Apr 15, 2015
At Christmas time, millions around the world enjoy George Friedrich Händel’s “Messiah.” Apart from carols, it ranks among the season’s most popular music. In addition to the Advent-Christmas section, there are two other parts, the Passion of the Suffering Servant (Part Two), and the Resurrection (Part Three). Unless these two parts are also sung at Christmas time, they are otherwise infrequently performed. In this Easter season, Part Three deserves more than a comment and repays listening.
Some Interesting Facts about Händel and His “Messiah”
Händel was born in Germany in 1685, the same year as J.S. Bach and only one hundred miles from him. They never met. In 1712, Händel traveled to England, and in 1727 became a naturalized British subject. “Messiah” is his greatest oratorio, defined as a large-scale religious or serious musical work for solos, chorus, recitatives, and orchestra, sung on stage but without actors, costumes, or sets.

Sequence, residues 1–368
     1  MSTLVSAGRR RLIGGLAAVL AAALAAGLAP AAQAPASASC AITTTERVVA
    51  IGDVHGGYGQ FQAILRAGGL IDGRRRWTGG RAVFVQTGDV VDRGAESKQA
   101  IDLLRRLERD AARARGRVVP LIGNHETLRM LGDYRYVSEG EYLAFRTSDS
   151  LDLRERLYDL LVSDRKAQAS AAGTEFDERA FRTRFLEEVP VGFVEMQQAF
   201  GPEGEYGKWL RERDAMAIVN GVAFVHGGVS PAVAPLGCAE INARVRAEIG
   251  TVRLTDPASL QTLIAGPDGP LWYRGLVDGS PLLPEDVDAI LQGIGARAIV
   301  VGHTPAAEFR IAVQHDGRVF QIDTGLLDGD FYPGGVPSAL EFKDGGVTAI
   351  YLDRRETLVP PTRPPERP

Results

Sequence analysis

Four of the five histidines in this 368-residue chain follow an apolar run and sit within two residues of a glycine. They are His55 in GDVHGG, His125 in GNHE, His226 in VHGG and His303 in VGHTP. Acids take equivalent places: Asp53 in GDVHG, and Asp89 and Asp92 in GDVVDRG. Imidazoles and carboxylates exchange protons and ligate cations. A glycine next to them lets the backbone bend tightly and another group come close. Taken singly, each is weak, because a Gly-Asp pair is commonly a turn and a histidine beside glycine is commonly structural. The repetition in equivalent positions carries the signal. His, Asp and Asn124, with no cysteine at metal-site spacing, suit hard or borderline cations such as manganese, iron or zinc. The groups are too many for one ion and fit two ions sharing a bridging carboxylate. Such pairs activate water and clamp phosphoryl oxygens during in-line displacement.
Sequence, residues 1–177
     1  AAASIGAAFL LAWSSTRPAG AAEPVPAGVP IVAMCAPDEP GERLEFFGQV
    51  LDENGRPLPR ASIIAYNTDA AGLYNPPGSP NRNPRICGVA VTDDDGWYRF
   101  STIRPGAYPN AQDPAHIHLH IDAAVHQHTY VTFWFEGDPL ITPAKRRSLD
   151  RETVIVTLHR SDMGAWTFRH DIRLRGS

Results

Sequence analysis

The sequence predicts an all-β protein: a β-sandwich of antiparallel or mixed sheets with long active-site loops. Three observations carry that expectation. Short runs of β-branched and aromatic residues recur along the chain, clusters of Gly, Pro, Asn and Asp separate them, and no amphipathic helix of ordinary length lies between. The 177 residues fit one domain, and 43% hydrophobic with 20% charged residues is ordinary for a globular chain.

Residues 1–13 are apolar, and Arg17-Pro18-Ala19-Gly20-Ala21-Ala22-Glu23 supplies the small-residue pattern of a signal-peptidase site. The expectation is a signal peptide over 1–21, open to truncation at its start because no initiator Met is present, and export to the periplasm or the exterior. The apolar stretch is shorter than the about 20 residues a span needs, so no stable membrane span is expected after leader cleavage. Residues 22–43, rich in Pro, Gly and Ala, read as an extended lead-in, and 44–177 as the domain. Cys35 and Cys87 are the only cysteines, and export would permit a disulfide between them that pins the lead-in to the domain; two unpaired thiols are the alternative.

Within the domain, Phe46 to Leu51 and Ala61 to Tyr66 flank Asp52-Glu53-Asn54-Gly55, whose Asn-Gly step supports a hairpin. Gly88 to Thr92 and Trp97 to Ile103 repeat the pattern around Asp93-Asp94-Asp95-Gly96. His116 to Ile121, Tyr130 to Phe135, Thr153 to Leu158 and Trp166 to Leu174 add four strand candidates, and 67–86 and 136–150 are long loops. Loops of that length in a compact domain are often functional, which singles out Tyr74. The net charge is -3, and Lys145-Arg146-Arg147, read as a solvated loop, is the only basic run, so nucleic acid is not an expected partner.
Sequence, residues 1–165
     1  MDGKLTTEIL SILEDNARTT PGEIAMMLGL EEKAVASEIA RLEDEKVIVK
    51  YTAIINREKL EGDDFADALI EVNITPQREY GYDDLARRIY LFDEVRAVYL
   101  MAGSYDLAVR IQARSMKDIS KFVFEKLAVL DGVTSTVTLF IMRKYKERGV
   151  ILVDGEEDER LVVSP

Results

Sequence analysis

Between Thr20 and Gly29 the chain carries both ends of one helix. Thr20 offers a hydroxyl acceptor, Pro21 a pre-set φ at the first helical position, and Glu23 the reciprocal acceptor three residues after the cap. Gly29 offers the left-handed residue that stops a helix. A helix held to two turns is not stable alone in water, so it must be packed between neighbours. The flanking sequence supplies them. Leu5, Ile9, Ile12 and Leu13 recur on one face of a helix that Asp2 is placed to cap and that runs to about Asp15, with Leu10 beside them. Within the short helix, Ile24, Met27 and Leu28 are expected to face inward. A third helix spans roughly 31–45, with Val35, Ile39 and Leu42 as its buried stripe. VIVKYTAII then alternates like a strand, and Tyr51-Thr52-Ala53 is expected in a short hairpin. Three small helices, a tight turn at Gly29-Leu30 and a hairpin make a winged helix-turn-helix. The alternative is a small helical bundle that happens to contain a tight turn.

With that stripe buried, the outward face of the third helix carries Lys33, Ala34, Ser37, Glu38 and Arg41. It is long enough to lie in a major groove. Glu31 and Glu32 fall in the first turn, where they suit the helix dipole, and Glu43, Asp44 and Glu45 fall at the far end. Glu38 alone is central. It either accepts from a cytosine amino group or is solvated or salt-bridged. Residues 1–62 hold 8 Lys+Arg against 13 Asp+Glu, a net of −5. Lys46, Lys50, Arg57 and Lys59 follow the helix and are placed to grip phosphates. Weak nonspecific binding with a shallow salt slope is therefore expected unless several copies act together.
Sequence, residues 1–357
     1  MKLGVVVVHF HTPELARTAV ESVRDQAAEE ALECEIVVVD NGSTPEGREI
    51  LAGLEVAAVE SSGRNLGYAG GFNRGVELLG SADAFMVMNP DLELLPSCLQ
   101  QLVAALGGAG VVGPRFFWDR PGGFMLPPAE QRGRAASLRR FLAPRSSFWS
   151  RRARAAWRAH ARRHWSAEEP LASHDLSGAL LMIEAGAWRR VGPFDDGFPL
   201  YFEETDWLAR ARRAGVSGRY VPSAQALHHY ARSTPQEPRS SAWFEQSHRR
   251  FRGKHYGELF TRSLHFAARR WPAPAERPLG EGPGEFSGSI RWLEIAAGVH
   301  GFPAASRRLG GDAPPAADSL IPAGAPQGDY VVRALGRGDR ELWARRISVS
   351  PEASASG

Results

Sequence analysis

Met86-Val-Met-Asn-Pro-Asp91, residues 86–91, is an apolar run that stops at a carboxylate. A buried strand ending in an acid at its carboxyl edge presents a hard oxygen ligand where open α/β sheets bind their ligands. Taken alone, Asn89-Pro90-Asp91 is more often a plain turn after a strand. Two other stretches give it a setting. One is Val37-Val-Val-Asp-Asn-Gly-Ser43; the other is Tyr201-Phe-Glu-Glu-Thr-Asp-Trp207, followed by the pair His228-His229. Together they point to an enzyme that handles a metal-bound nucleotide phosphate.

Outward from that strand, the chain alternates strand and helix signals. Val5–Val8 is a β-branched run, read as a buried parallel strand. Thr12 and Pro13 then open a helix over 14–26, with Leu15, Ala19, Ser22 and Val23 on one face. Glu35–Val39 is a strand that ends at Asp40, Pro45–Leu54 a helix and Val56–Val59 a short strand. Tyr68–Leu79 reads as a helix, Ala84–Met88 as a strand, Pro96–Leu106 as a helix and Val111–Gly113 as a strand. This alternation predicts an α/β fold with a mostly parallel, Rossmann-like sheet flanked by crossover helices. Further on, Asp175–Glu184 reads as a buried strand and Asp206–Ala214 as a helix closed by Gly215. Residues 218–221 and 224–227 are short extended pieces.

“Messiah,” was composed in just twenty-four days. Clearly, it was an inspired work which Händel executed in feverish activity. It takes about three hours to perform even at breathless Baroque tempos. One of Händel’s biographers, Sir Newman Flower sums up the consensus of history: “Considering the immensity of the work and the shortness of time involved, it will remain, perhaps forever, the greatest feat in the whole history of music composition.” As a point of reference, it took Mozart six weeks to compose his last symphonies, 39, 40, and 41, taking about fifty minutes to perform, back to back. Mozart almost always worked at fever pitch and did not use an eraser.